This was an odd read for me as it was narration with periodic sketches of characters throughout the book.
Usually, I'm not a big fan of that style as I believe much of a story is how the reader interprets the author's description of a world (much like if I said, "blue" different people would instinctual imagine baby blue or dark blue or the blues in a lake - it's usually person dependent). With more descriptions, the author can get across more of how the world looks, characters, etc.
So when books remove that essence to the story (I don't mean graphic novels/comic books as that is the intention going into it), I get a little at odds with it as if they don't start with the art or only illustrate some of it, it tends to ruin what my mind will naturally imagine and I personally struggle with what I want to imagine versus what the art is telling me to imagine.
With this book, because the artwork on the cover was so well depicted and based on the description of the main character, it was much less shocking for me to come across a character sketch in the story.
SO, after that GIANT speech which I find EXTREMELY important, an amazon summary, "Art, mystery, fun and friendship, combine in this illustrated middle grade series debut. Sixth grader Edmund Xavier Lonnrot, codename "Eddie Red," has a photographic memory and talent for drawing anything he sees. When the NYPD is stumped by a mastermind art thief, Eddie becomes their secret weapon to solve the case, drawing Eddie deeper into New York's famous Museum Mile and closer to a dangerous criminal group known as The Picasso Gang.
With page-turning adventure and fun characters, this first installment in the Eddie Red series is a must-read for any fan of puzzles and mystery.A Spring 2014 Indies Introduce New Voices selection." AMAZON LINK OF JUSTICE
The book begins with Edmund (who will be referred to as Eddie from now on for the sake of my typing) having ice cream with his Dad as his Dad is breaking the news that Eddie might have to give up going to his private school and switching to public schools as his folks can't afford it anymore. There moment is interrupted by a crime happening in an alley; his Dad tells Eddie to call the police as he chases into the alley to help...but Eddie winds up hiding under a bench and seeing the criminal run by as they escaped.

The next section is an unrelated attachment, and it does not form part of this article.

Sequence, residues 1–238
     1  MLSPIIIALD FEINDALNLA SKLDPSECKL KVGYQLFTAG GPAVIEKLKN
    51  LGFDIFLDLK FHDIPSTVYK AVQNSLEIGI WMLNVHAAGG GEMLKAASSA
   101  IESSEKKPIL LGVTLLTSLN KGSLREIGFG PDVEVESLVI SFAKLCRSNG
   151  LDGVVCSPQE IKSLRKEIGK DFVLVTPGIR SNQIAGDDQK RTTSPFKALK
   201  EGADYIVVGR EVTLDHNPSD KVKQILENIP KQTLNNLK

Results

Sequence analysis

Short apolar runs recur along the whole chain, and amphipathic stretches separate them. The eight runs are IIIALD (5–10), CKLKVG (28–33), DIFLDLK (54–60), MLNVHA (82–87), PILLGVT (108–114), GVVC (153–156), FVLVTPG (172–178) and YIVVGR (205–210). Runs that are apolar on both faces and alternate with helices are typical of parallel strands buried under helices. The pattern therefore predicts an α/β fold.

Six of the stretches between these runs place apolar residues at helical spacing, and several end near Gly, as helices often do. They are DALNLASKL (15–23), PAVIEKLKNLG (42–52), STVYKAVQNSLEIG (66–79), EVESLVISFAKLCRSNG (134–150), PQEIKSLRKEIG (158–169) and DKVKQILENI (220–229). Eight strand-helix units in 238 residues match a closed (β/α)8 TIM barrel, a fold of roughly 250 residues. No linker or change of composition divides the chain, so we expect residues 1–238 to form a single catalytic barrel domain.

The police came, took Eddie to the station to get a statement from him and his Father as well as a description of the criminal. Eddie describes the criminal to the sketch artist who keeps....getting it not exactly right. Eddie takes over drawing the sketch and depicts a great picture due to the combination of his art skills and photographic memory, and after a bit, is recruited by the cops to help with the case.
Now what I like about this story is that even though the character is young, he makes good choices and the situations and circumstances in which things happen seem realistic in how they come to be. There aren't a whole lot of ways that explanations are given in a sentence or two in need to be accepted, everything is decently explained.
It was pretty refreshing for a mystery series.
...yeah, it seems like it's going to be a series. I'm excited.
I thought Eddie's family was great, the characters throughout the story were all unique yet still realistic.
The only part I find slightly unrealistic is Eddie's best friend and how it portrays ADHD. I don't have any extensive experience with ADHD so I don't know how accurate the portrayal there is. I'm sure different folks with ADHD handle it in different ways and exhibit symptoms in different fashions, but Eddie's best friend came across as a bit manic to me.
It was odd, but not odd enough to be off-putting; just quirked eyebrow levels.
I did like the puzzle aspect that came up later in the book. NO SPOILERS, IT WAS JUST COOL. :D